Skip to Content, Navigation, or Footer.
Logo for The Western Front

OPINION: 'Queer' is an empowerment

Reclaiming language is an essential step toward acceptance

Marsha “Pay it No Mind” Johnson, an icon of queer history, helps gay students at New York University by handing out flyers supporting the gay rights movement on Sept. 14, 1970. She was a founder of the Gay Liberation Front. // Photo by Diana Davies, courtesy of New York Public Library 

The year is 2009, and Katy Perry’s “I Kissed a Girl” blasts from the radio. My friend and I are listening to the song, blissfully unaware of the innuendo that is cherry chapstick. 

He smiles and says, “I wish I could kiss a girl.” 

Shyly, I reply, “I wish I could too.” 

That was the first time I voiced anything about my sexuality. As I grew older, I knew I was part of the LGBTQ+ community, but I didn’t know what label felt right. 

Bisexual? No, that made me feel limited to the gender binary. Pansexual? That felt better, but it was still missing something. 

Queer? Wait, queer. That’s the one. Queer felt like an all-encompassing label for my identity; a word that needed no further explanation.

Izzy deGrasse, president of the WWU Lavender Menaces Sapphic Club, said they use queer to avoid long explanations of who they are attracted to.

“Queer people often get excessive questions about their labels, sometimes even having to justify themselves to those outside the community,” deGrasse said. “Saying queer was a nice way for me to simply state that I belong to the queer community in many aspects, including attraction and gender.”

Once I started to embrace my new label, those around me cringed. 

“When I was younger, that wasn’t a good word,” my mother said. 

“Why do you use that term? It’s a slur,” others asked.

“Queer” became a popular derogatory term in 1895 when a man named John Douglas wrote a letter to famous playwright Oscar Wilde accusing him of having a sexual relationship with his son. 

Wilde sued Douglas in a slander case over the letter, and the public found that Douglas addressed LGBTQ+ people as “snob queers.” The media heavily covered the case, and newspapers quickly started to pick up queer as a slur.

When I started identifying as queer, it didn’t feel like a slur. To me, it felt like I finally had power over my identity.

I felt the power of the movement before me, of the individuals who dared to speak out against hetero-normative society.

The movement to reclaim the term queer started in the late 1980s and early 1990s, as documented in Erin J. Rand’s book “Reclaiming Queer: Activist and Academic Rhetorics of Resistance.”

According to Rand, the reclamation of queer started in the academic field with queer theory. At the time, it was a new area of study that “seemed to elude the usual attempts at classification or definition.”

Teresa de Laurtis was among the first group to put together a queer theory conference in 1990 at the University of California Santa Cruz.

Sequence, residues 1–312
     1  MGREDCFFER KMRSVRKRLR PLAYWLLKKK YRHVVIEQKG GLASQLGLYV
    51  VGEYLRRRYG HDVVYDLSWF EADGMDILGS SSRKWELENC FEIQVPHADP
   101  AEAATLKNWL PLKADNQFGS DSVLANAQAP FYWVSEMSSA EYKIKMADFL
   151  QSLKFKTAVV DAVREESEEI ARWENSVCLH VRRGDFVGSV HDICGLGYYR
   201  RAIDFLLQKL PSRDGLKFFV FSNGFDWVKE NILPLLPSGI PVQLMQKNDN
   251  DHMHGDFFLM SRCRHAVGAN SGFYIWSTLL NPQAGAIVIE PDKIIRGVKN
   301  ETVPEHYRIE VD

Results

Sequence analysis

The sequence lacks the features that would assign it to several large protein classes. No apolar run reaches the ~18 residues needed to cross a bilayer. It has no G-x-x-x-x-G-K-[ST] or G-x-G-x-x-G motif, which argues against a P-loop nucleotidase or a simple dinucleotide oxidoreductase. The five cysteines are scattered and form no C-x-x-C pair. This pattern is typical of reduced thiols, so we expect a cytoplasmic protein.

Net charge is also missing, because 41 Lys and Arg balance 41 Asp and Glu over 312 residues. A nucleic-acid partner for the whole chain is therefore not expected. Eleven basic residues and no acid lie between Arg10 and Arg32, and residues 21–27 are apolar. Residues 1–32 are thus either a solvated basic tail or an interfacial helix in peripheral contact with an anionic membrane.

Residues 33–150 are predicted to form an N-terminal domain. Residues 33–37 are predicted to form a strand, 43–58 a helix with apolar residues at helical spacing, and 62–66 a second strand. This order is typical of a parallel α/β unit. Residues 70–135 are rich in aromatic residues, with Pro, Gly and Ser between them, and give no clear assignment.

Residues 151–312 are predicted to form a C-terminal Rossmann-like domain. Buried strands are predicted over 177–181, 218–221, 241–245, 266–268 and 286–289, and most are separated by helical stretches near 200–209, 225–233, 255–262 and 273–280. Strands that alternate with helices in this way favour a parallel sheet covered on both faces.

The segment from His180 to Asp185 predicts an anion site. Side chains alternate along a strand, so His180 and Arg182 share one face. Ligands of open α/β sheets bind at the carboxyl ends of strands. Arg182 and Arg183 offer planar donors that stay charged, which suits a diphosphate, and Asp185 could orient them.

In 1991, Laurtis released “Queer Theory: Lesbian and Gay Sexualities,” where she explained three interrelated ideas that play a part in queer theory: refusing heterosexuality as the benchmark for sexual formations, a challenge to the belief that lesbian and gay studies are a single entity and a strong focus on the multiple ways that race shapes sexual bias.

Queer theory examines how power legitimizes certain forms or expressions of sexuality and gender while stigmatizing others. It varies from LGBT studies by challenging the rigid categories of sexuality and gender and the oppression that hetero-normative society justifies.

The use of queer spread from the academic field to societal resistance as organizations formed to create safe spaces and collect the history of queer people.

In the Pacific Northwest, a group came together in 1994 to create the Northwest Lesbian and Gay History Museum Project. According to their mission statement, the organization “researches, interprets and communicates the history of LGBT people in the Pacific Northwest for the purposes of study, education and enjoyment.”

At Western, multiple resources and safe spaces are available to queer people, from the WWU Lavender Menaces Sapphic Club to LBGTQ+ Western.

LGBTQ+ Western Director JoeHahn said their experiences with the term queer have varied, from childhood bullying to their lesbian mothers, who embrace it. JoeHahn started actively using the term while attending college in 2011.

“I was in a club called Triangle Alliance, and we started a ‘Queer Word of the Week’ where we taught LGBTQ+ terms,” they said. “This helped us learn about different terms and how we vary in use of these identities, for ourselves and others in the community.”

JoeHahn said queer is an identity for an individual to choose, and they understand why someone may not wish to identify with it.

“I challenge anyone against the word to remember that queer is an identity originating in activism,” they said. “Embracing the term celebrates our LGBTQ+ ancestors and invites new generations to continue their own activism.”

Madison Roper

Madison Roper (she/they) is an opinion senior reporter for The Front. She is in her senior year to obtain a BA in news/editorial journalism. Their favorite part of reporting is interacting with the community and getting to know the various personalities in the area. As person of diverse background, Madison enjoys discussing LGBTQ+ topics, mental health, POC experience and foreign entertainment. 

You can reach them at

Powered by SNworks Solutions by The State News
All Content © 2024 The Western Front